Millionth milestone marked with BC SPCA animal adoption in Richmond
November 25, 2015
All animals adopted from BC SPCA shelters are one in a million, but today, that phrase takes on a literal meaning as the society celebrates the millionth adoption of an animal in BC SPCA care.
The society celebrated the monumental milestone with a celebration at the BC SPCA Richmond Education and Adoption Centre that featured the lucky millionth animal, an 11-week-old kitten named Meetsa, and her new guardian, Arlene Stakic.
A female grey tabby, Meetsa will live with Arlene, her husband Srdjan, their 15-year-old daughter Veronica and a new adult kitty companion in South Vancouver. Their former pet cat, who had lived a long and happy life, had recently passed away, and they went to the Richmond SPCA because they were missing her so terribly, says Stakic.
“We are complete cat people – we always have been, and when I found exactly the cat I was looking for in Richmond, I went right away,” she says. “Meetsa was a bonus – she was crying so hard in the kitten room that I just could not leave her there.”
as the millionth adopter, Stakic recieved a gift package from the BC SPCA as well as a year's worth of free cat food from Hill's® Science Diet® and a year of free pet health insurance from Petsecure.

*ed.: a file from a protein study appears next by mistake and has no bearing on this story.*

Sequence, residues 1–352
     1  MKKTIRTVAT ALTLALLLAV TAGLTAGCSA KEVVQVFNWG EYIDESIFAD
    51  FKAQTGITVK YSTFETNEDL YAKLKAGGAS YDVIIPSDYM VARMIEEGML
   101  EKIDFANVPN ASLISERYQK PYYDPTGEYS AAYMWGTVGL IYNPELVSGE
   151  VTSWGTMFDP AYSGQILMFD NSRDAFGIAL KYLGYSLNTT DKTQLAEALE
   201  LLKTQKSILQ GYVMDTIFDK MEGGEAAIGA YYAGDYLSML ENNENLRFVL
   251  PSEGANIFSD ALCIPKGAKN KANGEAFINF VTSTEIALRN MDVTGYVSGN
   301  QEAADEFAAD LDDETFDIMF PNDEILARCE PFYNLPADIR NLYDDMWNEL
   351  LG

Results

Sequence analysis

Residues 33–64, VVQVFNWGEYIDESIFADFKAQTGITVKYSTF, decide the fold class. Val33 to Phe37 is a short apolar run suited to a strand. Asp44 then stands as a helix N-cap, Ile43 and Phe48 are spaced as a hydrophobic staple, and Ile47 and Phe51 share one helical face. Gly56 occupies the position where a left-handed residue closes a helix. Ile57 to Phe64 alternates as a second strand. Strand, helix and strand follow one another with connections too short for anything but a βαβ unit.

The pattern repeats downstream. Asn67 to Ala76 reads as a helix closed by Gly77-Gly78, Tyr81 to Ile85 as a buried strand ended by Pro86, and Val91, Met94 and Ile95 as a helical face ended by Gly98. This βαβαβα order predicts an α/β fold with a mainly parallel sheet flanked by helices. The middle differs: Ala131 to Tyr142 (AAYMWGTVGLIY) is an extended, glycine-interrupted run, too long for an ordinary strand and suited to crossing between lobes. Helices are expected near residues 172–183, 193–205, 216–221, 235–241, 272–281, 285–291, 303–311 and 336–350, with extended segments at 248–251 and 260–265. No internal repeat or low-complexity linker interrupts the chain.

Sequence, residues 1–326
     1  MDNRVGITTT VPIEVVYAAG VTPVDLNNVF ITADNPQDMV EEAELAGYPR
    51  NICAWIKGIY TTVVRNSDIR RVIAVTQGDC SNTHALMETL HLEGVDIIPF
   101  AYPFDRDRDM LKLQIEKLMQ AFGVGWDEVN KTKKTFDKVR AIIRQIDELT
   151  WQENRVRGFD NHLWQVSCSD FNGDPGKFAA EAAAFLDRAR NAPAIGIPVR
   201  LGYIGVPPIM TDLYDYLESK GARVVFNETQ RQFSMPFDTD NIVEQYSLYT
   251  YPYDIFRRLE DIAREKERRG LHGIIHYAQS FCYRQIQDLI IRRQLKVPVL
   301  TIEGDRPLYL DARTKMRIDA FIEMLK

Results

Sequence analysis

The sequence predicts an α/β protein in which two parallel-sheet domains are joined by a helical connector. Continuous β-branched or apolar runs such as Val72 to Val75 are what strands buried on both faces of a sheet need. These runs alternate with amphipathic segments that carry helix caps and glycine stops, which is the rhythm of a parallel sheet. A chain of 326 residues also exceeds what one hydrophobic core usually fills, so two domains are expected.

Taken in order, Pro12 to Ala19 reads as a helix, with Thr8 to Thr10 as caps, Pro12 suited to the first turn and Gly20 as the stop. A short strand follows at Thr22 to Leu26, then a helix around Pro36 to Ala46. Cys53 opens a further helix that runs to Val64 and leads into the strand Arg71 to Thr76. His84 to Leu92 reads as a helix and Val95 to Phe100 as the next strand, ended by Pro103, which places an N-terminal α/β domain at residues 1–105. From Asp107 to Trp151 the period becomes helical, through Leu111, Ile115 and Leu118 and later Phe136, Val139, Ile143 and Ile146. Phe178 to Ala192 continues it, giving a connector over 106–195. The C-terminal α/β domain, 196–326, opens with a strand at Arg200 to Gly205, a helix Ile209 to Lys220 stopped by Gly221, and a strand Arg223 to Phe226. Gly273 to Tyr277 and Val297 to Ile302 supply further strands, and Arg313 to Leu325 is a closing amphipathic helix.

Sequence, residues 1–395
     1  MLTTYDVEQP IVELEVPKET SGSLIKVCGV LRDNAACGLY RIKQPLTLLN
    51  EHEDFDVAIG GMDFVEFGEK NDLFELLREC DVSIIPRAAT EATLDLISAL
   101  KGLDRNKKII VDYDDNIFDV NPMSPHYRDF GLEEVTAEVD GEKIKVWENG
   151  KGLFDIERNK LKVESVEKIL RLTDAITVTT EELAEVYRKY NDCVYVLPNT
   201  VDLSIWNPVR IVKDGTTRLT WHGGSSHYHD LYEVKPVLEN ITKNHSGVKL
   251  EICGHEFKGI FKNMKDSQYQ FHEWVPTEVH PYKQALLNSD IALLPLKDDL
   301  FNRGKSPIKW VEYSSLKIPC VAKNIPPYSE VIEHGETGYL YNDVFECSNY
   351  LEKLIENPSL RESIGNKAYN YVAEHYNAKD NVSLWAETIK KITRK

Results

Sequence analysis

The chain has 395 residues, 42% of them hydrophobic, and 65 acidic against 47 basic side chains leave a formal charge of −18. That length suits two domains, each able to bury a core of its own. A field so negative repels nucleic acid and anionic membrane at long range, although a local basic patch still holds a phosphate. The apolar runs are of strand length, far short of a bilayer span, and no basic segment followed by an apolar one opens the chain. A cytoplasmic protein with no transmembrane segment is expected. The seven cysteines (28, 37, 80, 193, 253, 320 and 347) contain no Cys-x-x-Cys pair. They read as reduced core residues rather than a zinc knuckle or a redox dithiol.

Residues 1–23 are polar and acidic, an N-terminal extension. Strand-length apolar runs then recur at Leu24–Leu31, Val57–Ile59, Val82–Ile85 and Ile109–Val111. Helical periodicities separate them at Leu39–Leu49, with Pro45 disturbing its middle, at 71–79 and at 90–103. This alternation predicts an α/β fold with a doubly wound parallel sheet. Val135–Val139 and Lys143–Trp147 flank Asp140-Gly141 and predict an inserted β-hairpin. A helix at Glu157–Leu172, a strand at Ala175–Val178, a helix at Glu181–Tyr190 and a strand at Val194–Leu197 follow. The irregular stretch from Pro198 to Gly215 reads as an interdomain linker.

The BC SPCA is also celebrating its 120th anniversary this year, but the adoption program didn’t begin until the 1950s. Today, branches take in more than 28,000 animals every year; 53 per cent of them are cats. While this celebration is in recognition of the public’s ongoing support in welcoming animals into their homes and hearts, there are still hundreds of animals awaiting adoption in the province at any one time.
“One of our main priorities going forward is to curb the cat overpopulation crisis and reduce the number of stray and homeless cats on our streets,” says BC SPCA general manager of community relations Lorie Chortyk. “And the best way to do that is through education and by encouraging cat owners to get their animals spayed and neutered.”
She notes that the BC SPCA couldn’t help the province’s most vulnerable animals without the generous help of the BC SPCA’s many supporters and donors.
“As a non-profit organization, we are so grateful for the enormous support we receive each and every year,” she says.
The British Columbia Society for the Prevention of Cruelty to Animals is a not-for-profit organization reliant on public donations. Our mission is to protect and enhance the quality of life for domestic, farm and wild animals in B.C.